Infinite Crisis #5 review

March 18, 2006

Infinite Crisis #5 was another enjoyable issue of Infinite Crisis; this, better than issue four, and issue four better than the first three. I'm coming to find that I'm enjoying Infinite Crisis more if I stop looking for a universe-encompassing story like Crisis on Infinite Earths, and instead treat it as a remarkable story about DC's Big Three — Superman, in particular.

In the wake of a second Earth appearing above our own, and the heroes from a number of teams suddenly disappearing, the remaining heroes gather to pray. On the second Earth, the Earth-2 Superman is stunned by his Lois Lane's death, despite the promises made by Alexander Luthor. The Earth-2's Superman's screams draw the attention of the Earth-1 Superman, who the Earth-2 Superman attacks. Only the intervention of Wonder Woman — spurred on by the spirit of the pre-Crisis Wonder Woman — can end the fight, and her lasso causes the Earth-2 Superman to recognize Luthor's betrayal. As he returns to Luthor's base, Luthor creates even more Earths, and the Earth-2 Superman splits into infinite counterparts. Meanwhile, Booster Gold and the new Blue Beetle gather a team of mostly non-powered heroes in the Batcave, where they plan to take on Brother Eye; Nightwing and Superboy team-up in an assault on Luthor's base; and a Flash returns, heralding the coming of Superboy-Prime, cloaked in the armor of the Anti-Monitor.

Geoff Johns touted this issue as, in the words of Mr. Terrific, "the calm before the storm," and I liked it a lot. The opening sequence really worked for me, with Terrific, Ragman, Hal Jordan, Blue Devil, and the Huntress — these are the kinds of random super-hero groupings that I expect from something called a "Crisis." While the team gathered in Batman's cave is just a little too Brave and the Bold for my tastes (Batman, Green Lantern, Green Arrow, AND Black Canary? It feels like it's been done before.), I'm very eager to see a team of heroes go all out against Brother Eye. And the Nightwing/Superboy pairing is ingenious; it makes you wonder why no one's put these two legacy heroes together before, and I'm eager to see how that plays out in Teen Titans: Life and Death.

One of the best parts of this issue, however, was the eight or nine pages of pure Jerry Ordway goodness. Though at times the Earth-2 Superman's face appeared a smidgen puffy (bruises, perhaps?), Ordway's depictions of the JSA, and Superman and Lois Lane, shown. He has a clean, classy style, comic book-y without being cartoony, that really worked, and doubly-so as a representation of Earth-2. It looks like Ordway has a couple of covers and an issue of JSA coming up; here's hoping DC gives him even more to do, soon.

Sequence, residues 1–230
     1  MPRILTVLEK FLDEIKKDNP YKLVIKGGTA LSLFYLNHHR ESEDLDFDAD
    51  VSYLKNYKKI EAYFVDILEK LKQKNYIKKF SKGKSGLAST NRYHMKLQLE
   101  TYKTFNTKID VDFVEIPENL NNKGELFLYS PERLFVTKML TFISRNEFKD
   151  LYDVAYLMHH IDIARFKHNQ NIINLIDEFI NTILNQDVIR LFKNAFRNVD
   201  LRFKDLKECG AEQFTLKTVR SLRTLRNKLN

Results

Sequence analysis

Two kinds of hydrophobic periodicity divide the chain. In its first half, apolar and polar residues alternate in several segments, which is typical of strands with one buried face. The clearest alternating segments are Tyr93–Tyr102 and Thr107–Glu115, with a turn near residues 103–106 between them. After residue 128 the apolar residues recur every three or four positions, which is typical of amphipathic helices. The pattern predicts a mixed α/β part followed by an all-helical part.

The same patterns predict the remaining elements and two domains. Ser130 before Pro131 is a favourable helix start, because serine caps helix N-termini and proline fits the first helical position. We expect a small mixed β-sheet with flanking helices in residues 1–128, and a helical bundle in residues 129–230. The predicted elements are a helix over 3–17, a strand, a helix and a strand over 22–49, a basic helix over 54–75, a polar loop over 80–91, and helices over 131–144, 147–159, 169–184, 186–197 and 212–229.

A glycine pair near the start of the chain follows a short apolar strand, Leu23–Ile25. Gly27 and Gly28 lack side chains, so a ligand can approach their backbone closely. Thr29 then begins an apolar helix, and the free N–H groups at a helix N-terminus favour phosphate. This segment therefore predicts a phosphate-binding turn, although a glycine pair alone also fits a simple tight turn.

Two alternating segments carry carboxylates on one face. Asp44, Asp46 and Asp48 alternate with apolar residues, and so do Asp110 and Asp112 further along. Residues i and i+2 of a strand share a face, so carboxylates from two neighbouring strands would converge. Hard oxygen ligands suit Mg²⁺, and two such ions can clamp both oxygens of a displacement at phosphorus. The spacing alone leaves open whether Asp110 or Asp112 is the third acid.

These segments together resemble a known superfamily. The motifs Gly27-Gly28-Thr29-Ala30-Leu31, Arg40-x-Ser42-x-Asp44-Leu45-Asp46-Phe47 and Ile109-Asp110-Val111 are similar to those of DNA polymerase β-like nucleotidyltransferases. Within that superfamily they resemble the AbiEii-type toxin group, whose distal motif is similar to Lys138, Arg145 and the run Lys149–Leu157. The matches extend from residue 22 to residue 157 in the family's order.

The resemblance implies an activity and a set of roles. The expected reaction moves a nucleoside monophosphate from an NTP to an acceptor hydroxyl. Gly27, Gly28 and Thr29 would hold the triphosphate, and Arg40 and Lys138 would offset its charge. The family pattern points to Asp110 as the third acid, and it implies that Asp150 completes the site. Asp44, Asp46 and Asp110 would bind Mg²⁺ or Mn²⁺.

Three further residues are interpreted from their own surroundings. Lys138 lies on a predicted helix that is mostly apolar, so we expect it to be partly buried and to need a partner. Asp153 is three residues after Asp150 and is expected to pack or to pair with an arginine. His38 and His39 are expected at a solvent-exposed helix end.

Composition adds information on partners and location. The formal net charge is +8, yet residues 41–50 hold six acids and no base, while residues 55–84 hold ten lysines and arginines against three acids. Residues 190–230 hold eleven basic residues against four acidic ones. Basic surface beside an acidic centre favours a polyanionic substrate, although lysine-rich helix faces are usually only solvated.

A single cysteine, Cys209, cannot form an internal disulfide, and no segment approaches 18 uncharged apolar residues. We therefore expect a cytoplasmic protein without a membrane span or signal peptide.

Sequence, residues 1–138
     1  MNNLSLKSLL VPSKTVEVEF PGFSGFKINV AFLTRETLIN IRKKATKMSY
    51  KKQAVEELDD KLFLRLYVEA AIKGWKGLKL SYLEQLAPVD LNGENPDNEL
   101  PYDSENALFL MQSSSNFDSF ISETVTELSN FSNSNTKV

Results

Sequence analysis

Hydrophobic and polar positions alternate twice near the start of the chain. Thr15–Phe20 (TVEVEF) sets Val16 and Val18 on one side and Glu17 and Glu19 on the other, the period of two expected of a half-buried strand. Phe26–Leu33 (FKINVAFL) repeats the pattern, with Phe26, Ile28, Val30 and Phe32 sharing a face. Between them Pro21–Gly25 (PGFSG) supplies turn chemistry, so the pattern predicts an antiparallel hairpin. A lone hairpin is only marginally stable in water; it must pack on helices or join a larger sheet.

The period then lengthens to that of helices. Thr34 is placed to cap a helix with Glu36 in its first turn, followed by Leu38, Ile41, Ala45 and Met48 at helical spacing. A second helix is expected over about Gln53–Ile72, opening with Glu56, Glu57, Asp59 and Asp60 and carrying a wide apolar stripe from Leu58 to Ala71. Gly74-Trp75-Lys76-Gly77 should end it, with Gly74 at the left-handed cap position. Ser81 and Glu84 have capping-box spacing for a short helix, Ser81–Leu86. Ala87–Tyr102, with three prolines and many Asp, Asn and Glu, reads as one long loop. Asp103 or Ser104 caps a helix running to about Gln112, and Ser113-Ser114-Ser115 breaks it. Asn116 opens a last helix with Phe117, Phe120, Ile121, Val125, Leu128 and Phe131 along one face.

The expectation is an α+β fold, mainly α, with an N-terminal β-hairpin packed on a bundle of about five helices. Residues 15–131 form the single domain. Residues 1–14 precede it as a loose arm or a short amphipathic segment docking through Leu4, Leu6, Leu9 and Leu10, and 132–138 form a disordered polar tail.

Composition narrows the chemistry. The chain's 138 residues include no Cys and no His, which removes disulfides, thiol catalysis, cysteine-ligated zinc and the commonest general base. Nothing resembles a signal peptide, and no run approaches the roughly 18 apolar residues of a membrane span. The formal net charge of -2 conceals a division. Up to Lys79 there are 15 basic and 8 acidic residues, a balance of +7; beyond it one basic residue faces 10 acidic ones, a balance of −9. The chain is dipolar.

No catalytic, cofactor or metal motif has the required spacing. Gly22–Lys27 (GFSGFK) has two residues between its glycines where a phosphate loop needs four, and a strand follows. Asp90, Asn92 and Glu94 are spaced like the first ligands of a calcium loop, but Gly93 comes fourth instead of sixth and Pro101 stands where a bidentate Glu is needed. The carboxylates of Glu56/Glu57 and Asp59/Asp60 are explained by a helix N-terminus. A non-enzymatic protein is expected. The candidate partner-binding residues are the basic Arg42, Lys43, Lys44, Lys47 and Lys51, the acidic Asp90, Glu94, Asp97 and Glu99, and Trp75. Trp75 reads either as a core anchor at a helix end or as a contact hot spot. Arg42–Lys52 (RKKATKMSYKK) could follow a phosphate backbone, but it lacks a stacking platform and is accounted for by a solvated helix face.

It was interesting to hear talk on the Internet that people thought the Flash that returned was Barry. Me, I totally thought it was Wally (I guess your first Flash is always your Flash). Looking back, however, I will grant that it's Barry's costume — the ears, the belt — but I'm still holding out hope that it's Wally behind the cowl. All things must end, and a lack of change would make things stagnant, but Barry had about a thirty-year run, and Wally's only had twenty; surely there must still be story potential in Wally somewhere.

Overall, however, the themes of Infinite Crisis still disturb me. To put too fine a point on it, we essentially have five issues of the Earth-2 Superman, arguably the first and greatest hero ever, being lead around by his nose by a Lex Luthor. Not only does it not portray him in a great light, but frankly, I don't even think it portrays him consistently with the way he was portrayed back in his regular adventures. Essentially, it might look like the Earth-2 Superman, it might sound like the Earth-2 Superman, but it's not him, and so it makes it tough for me to feel very much emotion for him. The point of Infinite Crisis seems to be to say that the modern heroes are just as good as the old ones — but you know, frankly, I never really had a lot of doubt about that to begin with. I don't think that people who think "modern heroes suck" are really in the majority. So while I'll be glad if the well-written, well-drawn Infinite Crisis can give the Superman titles a dose of confidence and the Batman titles a shot in the arm, I'm not convinced that it needed to be done at the cost of the Earth-2 Superman being remembered as the guy who let the Pantha-killer loose from limbo. But I'm still eager to see what the next two issues bring.

That's it for me. Various Superman and Green Lantern goodness on the way in a little while.


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